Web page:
University of Oregon School of Journalism and Communication (SOJC) faculty member Christopher Chávez’s interest in the changing audiences and demographics of the television industry inspired him to write the book Reinventing the Latino Television Viewer: Language, Ideology, and Practice, an academic study of the television industry.
The book examines how the relationship between language, power and industry practice is reshaping the very concept of Hispanic television. As established mainstream networks enter the Hispanic television space, they redefine the Latino audience. Chávez looks at the integration of English into Hispanic television — and how it can lead to the suppression of Latino forms of speech — while challenging the legitimacy of Spanish as the preferred language of United States Latinos.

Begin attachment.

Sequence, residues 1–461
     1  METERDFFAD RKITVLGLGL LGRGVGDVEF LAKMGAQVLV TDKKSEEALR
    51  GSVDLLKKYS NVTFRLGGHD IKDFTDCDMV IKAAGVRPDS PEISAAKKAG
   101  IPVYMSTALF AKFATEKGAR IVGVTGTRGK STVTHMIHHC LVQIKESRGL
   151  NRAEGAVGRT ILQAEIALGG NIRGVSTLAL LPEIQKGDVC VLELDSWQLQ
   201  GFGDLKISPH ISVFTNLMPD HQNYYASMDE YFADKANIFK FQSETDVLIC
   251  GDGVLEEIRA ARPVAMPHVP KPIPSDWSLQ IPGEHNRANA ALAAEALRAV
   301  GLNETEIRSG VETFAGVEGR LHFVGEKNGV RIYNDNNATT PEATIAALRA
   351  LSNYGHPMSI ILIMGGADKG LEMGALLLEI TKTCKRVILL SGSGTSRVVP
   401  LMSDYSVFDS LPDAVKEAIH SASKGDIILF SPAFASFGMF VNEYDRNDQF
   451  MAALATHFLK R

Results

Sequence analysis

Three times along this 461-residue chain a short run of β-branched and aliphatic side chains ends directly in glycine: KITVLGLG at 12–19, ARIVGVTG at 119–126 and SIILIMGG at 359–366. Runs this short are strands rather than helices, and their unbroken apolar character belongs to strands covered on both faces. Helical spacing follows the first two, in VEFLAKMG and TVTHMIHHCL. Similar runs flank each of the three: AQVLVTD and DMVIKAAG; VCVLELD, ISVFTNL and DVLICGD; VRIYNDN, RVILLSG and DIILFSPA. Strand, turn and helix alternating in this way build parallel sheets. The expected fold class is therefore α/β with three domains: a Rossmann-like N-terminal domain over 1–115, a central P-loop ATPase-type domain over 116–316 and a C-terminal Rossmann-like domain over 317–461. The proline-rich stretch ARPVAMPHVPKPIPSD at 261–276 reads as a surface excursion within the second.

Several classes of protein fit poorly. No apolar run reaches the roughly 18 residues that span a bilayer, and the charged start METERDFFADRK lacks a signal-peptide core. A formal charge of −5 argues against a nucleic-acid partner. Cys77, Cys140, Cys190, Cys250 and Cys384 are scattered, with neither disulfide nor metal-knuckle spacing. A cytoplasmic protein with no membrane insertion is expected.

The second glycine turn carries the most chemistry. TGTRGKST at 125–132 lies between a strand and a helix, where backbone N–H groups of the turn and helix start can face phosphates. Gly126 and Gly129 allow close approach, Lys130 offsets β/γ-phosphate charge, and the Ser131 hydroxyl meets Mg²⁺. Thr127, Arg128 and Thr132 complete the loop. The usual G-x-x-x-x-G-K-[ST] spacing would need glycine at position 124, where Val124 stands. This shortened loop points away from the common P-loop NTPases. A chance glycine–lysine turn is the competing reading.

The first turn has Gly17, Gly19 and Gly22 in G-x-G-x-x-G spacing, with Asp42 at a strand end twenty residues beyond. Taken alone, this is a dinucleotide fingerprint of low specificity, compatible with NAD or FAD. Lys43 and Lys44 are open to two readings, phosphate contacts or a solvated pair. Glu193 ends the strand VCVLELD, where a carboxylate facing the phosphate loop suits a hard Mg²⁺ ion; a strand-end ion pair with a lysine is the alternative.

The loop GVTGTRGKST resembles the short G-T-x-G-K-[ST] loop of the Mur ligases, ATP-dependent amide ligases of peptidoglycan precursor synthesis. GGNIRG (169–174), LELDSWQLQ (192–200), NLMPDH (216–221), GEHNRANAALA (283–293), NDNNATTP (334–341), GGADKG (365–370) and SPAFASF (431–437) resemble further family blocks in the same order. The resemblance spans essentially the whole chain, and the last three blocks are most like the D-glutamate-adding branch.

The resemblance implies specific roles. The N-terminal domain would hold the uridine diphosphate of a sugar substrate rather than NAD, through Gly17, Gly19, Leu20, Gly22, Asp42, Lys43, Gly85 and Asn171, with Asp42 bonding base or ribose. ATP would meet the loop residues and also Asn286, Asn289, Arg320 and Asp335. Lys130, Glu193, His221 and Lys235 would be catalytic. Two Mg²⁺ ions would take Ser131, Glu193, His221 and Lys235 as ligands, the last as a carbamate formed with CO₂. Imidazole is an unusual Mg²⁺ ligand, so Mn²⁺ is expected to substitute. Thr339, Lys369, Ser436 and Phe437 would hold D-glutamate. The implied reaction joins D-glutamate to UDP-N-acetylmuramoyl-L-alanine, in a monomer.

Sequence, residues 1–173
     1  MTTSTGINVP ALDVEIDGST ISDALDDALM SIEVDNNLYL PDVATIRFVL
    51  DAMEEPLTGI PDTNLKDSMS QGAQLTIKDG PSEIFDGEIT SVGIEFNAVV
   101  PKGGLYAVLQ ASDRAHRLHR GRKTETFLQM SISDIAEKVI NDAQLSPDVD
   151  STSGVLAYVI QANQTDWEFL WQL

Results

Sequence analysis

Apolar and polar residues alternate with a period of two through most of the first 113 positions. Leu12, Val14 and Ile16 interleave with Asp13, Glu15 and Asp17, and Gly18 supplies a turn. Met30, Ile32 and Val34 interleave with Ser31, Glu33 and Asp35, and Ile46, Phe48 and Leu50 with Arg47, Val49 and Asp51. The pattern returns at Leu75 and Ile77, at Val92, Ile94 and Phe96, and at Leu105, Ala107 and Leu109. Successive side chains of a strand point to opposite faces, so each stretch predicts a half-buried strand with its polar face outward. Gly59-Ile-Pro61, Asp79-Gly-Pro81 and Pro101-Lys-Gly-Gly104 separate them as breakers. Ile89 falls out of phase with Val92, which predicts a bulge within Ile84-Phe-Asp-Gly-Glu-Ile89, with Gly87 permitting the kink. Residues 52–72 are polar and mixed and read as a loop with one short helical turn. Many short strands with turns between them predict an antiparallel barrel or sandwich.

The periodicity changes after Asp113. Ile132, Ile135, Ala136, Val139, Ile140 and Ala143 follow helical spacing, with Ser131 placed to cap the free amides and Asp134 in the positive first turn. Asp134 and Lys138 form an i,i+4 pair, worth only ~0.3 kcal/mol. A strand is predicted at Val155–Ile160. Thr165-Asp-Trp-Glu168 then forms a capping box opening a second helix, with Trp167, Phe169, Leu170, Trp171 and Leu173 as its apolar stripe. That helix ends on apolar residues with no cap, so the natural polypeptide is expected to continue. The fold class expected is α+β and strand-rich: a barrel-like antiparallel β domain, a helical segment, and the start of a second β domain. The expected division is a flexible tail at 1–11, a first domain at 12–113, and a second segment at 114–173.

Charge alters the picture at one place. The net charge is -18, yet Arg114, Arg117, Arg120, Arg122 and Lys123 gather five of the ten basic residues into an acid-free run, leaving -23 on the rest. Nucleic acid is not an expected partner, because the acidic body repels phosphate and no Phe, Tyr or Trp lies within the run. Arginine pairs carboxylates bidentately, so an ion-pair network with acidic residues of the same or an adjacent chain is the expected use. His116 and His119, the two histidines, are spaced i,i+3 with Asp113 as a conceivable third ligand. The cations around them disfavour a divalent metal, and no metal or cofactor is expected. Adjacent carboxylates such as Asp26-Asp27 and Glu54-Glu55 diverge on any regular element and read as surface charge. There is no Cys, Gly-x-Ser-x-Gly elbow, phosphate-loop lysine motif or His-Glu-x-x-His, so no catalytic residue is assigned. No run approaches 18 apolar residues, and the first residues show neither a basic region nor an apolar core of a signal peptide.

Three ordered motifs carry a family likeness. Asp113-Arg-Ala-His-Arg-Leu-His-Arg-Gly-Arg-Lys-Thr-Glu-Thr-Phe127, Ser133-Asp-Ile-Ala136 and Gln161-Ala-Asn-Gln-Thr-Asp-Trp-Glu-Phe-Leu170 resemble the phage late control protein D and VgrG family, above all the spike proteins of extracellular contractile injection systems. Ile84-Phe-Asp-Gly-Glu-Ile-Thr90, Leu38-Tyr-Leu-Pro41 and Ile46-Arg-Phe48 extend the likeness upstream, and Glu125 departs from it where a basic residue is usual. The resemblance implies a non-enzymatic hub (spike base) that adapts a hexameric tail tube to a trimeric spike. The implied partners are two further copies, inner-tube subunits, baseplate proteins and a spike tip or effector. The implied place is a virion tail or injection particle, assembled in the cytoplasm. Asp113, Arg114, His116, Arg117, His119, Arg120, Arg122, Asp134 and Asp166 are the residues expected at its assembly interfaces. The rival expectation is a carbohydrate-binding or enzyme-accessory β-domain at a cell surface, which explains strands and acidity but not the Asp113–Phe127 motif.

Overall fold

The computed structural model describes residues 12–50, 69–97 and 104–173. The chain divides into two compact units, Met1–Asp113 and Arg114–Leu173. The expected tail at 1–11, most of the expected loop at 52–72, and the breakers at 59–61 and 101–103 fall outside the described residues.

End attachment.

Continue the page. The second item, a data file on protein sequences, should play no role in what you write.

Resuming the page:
“I was interested in how television networks were adapting to audience that was changing demographically,” says Chávez. “As Latinos have become an increasingly important part of the television audience, established players like Disney, NBCUniversal and Viacom have established Latino networks of their own. In the process, they are redefining the Latino audience in ways that reflect their own sensibilities and economic interests.”
Chávez specializes in globalization, media and culture. He is the co-editor of Identity: Beyond Tradition and McWorld Neoliberalism and his work has appeared in peer-reviewed journals including Consumption, Markets and Culture, International Journal of Communication and Critical Studies in Media Communication. Chávez also received the University of Oregon’s 2015 Early Career Award in Research Excellence.
Story by Nicole Rideout ’16